Evaluation of commercially available DNA testing kits to resolve complex kinship disputes in a South African setting

Moremi, Mashela Mahlatse
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Background: Human identification techniques using biological material have been under development for over a century. By the early 2000s, routine DNA profiling, using short tandem repeats (STRs), was in place as a standard of practice in both forensic science and in parentage testing laboratories. Use of the commercial kits, containing less than 20 STR loci, led to inconclusive results in certain cases, particularly when kinship testing had to be performed in the absence of one or both parents. It is proposed that better resolution can be achieved when more STR loci are used to calculate Likelihood Ratios (LRs) for establishing biological relationships. Recently, newer kits containing more than 20 STR loci, have become available. The present study aimed to look at the utility of two new commercial kits with expanded numbers of STR loci and to assess the validity of outcomes when fewer loci were utilized for assessment of complex kinship queries, in a large parentage testing laboratory within the National Health Service in South Africa. Further, the study aimed to evaluate different software packages available for performing the statistical calculations associated with this genetic testing approach. Subjects and methods: A total of 729 samples, collected from unrelated individuals from seven ethnic groups, namely: South African Bantu-speakers (n=366), South African Whites (n=84), South African mixed ancestry (Coloureds) (n=40), South African Indians (n=26), Zimbabwean Bantu-speakers (n=113), Nigerian Bantu-speakers (n=73) and Namibian Bantu-speakers (n=27), were used in the present study. STR-based polymerase chain reaction (PCR) amplification was performed using either the PowerPlex® Fusion system (Promega Corporation) or the VeriFiler™ Express PCR amplification kit (Life Technologies), both of which contain more than 20 STR loci, compared to the DNA Profiling Laboratory (DPL)’s currently used commercial kits which contain 16 or 18 STR loci. Allele frequencies were calculated for each ethnic group where n>40, using Microsoft Excel® 2016 (counting method). Hardy-Weinberg Equilibrium (HWE), linkage disequilibrium (LD) and population genetic variation tests were performed using GenePop. Kinship queries, especially those with inconclusive outcomes when 15 autosomal STR loci were used in the initial, routine testing, were retested using the new expanded kits. Outcomes obtained from using four different analysis software packages, namely, the In-house Microsoft Excel macro-enabled software, Converge™ Software, GeneMarker® HID and Familias were compared to assess if there was a statistical difference in the outcomes obtained when calculating LRs using these different analysis tools. Results: The genotype results showed that the probability of identity (PI) increased as the number of STR loci contained in a commercial kit increased. Thus, a significantly higher discrimination power was achieved when the PowerPlex® Fusion system and the VeriFiler™ Express PCR kit were used, as compared to the routinely used kits which contain 16 or 18 STR loci. More than 50% of cases with initially inconclusive outcomes, when retested with expanded kits, could now be resolved based on additional STR loci. Populations investigated in the present study were found to be in HWE when assessed for heterozygosity excess. Departures from HWE were detected in the SA and Nigerian Bantu-speakers, when assessed for heterozygosity deficiency. Linkage disequilibrium was observed (erroneously) between loci located on different chromosomes. Genetic diversity tests (Fst) showed that the SA and Zimbabwean Bantu-speakers can be clustered together, and the same allele frequencies can be used for calculating LRs involving these two groups. The analysis software packages evaluated all gave p-values > 0.05 when compared to each other, indicating that there was no significant difference in the Likelihood Ratios obtained when different analysis software packages were used Conclusion: The inclusion of additional STR loci in the newer commercial kits for human identity testing was shown to be beneficial in kinship analysis. It is recommended that all kinship queries should be tested using the newer kits as a first line testing approach. Additional testing, using lineage markers such as X and Y chromosomes and mitochondrial DNA, when applicable, is recommended as part of first line testing, to reduce long turn-around times and ensure conclusive outcomes. The In-house data analysis software package currently used in DPL was validated for routine use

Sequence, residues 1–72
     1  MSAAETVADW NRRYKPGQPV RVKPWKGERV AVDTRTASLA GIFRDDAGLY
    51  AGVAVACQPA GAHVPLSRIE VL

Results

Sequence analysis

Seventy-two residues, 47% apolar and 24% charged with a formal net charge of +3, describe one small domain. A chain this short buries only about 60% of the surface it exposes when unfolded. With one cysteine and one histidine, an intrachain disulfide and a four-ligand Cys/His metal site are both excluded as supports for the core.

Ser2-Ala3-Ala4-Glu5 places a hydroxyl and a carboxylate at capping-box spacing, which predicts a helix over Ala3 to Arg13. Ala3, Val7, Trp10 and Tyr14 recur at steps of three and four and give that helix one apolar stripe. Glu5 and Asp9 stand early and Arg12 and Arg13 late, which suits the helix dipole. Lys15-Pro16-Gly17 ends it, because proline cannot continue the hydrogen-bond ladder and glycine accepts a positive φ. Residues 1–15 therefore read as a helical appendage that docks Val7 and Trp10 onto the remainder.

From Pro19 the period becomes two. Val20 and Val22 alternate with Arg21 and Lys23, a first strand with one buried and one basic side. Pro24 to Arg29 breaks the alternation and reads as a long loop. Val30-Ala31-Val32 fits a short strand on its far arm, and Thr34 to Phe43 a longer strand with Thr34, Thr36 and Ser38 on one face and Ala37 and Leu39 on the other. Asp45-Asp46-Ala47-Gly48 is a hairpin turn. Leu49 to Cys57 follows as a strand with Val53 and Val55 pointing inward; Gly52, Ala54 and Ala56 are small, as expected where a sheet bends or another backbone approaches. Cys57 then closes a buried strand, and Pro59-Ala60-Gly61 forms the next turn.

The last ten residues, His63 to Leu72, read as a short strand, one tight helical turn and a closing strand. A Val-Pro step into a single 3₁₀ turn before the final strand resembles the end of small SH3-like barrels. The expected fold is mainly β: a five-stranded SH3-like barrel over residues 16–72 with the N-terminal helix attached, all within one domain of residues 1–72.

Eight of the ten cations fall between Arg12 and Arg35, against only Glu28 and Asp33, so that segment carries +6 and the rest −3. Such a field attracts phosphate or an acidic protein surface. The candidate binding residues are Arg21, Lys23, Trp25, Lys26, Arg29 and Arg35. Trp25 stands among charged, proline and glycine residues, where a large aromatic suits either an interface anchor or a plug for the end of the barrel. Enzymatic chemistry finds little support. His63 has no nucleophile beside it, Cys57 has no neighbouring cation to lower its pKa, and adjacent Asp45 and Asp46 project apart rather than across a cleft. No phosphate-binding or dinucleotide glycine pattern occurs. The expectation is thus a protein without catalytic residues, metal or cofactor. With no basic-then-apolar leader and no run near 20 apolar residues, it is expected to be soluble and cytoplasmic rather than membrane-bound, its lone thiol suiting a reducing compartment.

A dissertation submitted in fulfilment of the requirements for the degree of Master of Science in Medicine to the Faculty of Health Sciences, School of Pathology, University of the Witwatersrand, Johannesburg, 2020